2. I am in the final couple of months of my US stay. This is not the post to express all the things I feel about the last five years of my life — that would take far too long — but I’ll just note a few things. Doing a PhD, at least in math, is much more about learning than research. The USA has its good and bad sides, but I came here, like a lot of Indians, with a somewhat negative view of this country and over the years I have come to love it and much of what it stands for. I really enjoyed my grad life and I think I grew as an individual — my political and philosophical views got more refined, my view of relationships and people got more mature. I will be sad to leave, sad to no longer be a student, sad to leave my friends, a close ex-girlfriend and a lover behind on this continent. But change is a wonderful thing, in spite of everything it entails; and while there are many aspects of my identity I consider significant — libertarian, atheist, mathematician, dreamer — I am perhaps above all a dynamist.

3. Talking of girlfriends and lovers, I completely agree with Kerry Howley’s take on the issue (stated only for marriages, but surely applicable to any meaningful relationship).

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When I walked out of the bathroom, she was still singing the same tune. She had been singing it on and off for the past several days. The song was now stuck in my head. I loved the song and loved her singing it.

A thought struck me.

“You know what, I just realized something.”

“What?”

“I have started subconsciously associating this song with you. I think that whenever I hear it again, I am going to remember you. It could be someone else singing it, it could be years in the future — I don’t think I can ever hear it without thinking of you.”

“Well, that’s nice.”

She smiled beautifully as I shook my head in only half-mock desperation. There was a long kiss.

She slapped my butt playfully. Her lips pursed. “Off you go,” she said.

I walked out of her apartment and made my way back to mine. Somewhere in the middle, I stopped momentarily to let the song play clearly in my head and felt the association stronger than ever. It was a weird sensation; painfully pleasurable with notes of utter beauty and tragic sadness. But then, I am sure I have been through this with other people before.

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“When did you see it last?” he asked his girl.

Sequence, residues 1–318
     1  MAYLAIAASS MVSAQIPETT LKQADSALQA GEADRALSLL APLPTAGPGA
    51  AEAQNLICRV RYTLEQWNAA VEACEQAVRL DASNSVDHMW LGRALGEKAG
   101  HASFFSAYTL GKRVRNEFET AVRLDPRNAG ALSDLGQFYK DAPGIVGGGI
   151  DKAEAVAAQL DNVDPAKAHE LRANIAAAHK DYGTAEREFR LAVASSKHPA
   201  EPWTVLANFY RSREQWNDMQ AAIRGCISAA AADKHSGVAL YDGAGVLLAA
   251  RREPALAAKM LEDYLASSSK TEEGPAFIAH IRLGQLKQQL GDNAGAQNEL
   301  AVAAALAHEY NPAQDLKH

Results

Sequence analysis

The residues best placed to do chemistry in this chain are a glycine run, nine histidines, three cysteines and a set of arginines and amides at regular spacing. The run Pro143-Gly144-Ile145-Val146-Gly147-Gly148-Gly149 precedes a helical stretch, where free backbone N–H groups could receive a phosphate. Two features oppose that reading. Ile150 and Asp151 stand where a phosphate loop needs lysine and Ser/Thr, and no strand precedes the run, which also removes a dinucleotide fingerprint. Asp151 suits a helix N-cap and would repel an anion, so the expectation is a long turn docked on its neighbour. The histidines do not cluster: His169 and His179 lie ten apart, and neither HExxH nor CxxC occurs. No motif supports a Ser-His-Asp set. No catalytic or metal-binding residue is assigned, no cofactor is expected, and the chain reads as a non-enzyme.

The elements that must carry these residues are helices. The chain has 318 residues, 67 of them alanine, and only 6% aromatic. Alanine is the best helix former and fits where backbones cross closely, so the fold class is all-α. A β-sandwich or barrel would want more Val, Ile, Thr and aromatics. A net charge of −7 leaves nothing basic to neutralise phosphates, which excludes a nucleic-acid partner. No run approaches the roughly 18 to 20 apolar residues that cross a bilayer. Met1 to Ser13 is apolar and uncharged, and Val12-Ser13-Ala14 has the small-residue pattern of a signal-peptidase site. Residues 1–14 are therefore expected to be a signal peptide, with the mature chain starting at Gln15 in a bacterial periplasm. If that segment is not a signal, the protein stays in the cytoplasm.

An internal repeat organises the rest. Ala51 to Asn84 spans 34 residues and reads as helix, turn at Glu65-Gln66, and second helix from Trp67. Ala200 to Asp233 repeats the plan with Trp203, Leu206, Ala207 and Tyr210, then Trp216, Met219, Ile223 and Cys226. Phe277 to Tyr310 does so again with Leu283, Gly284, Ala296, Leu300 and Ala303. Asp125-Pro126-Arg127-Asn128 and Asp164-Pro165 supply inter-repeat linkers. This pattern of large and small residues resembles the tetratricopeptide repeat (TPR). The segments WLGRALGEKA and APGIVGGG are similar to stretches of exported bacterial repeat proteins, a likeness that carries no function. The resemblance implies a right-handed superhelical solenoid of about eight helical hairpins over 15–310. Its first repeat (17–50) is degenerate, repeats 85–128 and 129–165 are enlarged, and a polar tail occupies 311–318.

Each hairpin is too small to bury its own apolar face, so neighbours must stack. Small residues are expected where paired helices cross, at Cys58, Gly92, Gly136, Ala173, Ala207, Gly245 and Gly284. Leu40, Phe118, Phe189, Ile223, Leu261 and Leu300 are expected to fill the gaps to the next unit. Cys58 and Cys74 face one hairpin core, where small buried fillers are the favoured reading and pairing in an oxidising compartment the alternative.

“I don’t know,” she wailed. “It was on me when I walked into the restaurant.”

She looked so sad, and her eyes were so large and ready to cry that his insides dissolved in a burst of affection. This led to kisses being exchanged and tender words spoken. When all was done, they commenced a search of the floor and the handbag. She went into the bathroom to see if she had dropped them there. Unfortunately, the ear rings were nowhere to be seen.

“It doesn’t matter sweetie, I will get you another one. I’ll get you one that’s exactly the same.”

His reasoning seemed to have little effect; she continued behaving in a manner that suggested she had lost something irreplaceable. He puzzled for a second over this and whatever he inferred made him strangely happy.

***

Their romance stabilized and their entanglement got more intense every month. They were similar in a way no two people ever had been and he truly believed they could realize this miracle. Slowly, he came to think of her as an extension of himself. The smallest differences drove him mad. They vowed to each other, “Your smallest whim will be more important to me than the combined power of the rest of the universe.” She used to write to him, “I could lose anything but you, or math that is; the things in life I’ve chosen are those which give me that extra something. I think I know how special it is. The colors, the hues, the shades, they are different for us. Richer… special… the whole tone…”

***

But exactly nine months after he had gotten her the ear ring and eight after she had lost it, they broke up. For many months after that, he could not think of the loss without an accompanying pain in his chest. The pain was physical and asphyxiating, like being constricted by a giant python. It intrigued him that his memories could affect him so physically. Sometimes he would think of her just to trigger the reaction. It was like taking part in a controlled experiment where he was master, slave and observer.

What he had less control over were his dreams. They were all variations of a common theme in which she would appear and tell him that everything had been a massive joke. She had never really wanted to break up with him, she said, merely to punish him for hurting her.

“So, none of the things you told me that morning are true?” he asked, full of amazement.

“Of course they are not, dearest.”

“So nothing is true? You did not … nothing happened?”

“You really think I would betray you, baby? It was just a crazy scheme I cooked up because I thought I was getting tired of you. But.”

“But…” he whispered.

“I want you. I cannot live without you. Will you take me back?”

He did not reply. He was crying for the first time in many years, for the full import of her revelation had finally hit him. She hadn’t disobeyed him; she hadn’t decided that the thread with which he controlled and loved her obsessively needed to be snapped. None of the events that had led to the break-up were real; everything had just been a long, arduous test which he had finally passed. Yet, she knew from his expression, and he knew that she knew, that they had forgiven each other, that his tears were out of joy too immense to contain.

This was when the dream usually ended and he woke up violently to see the harsh sunlight flooding his bedroom.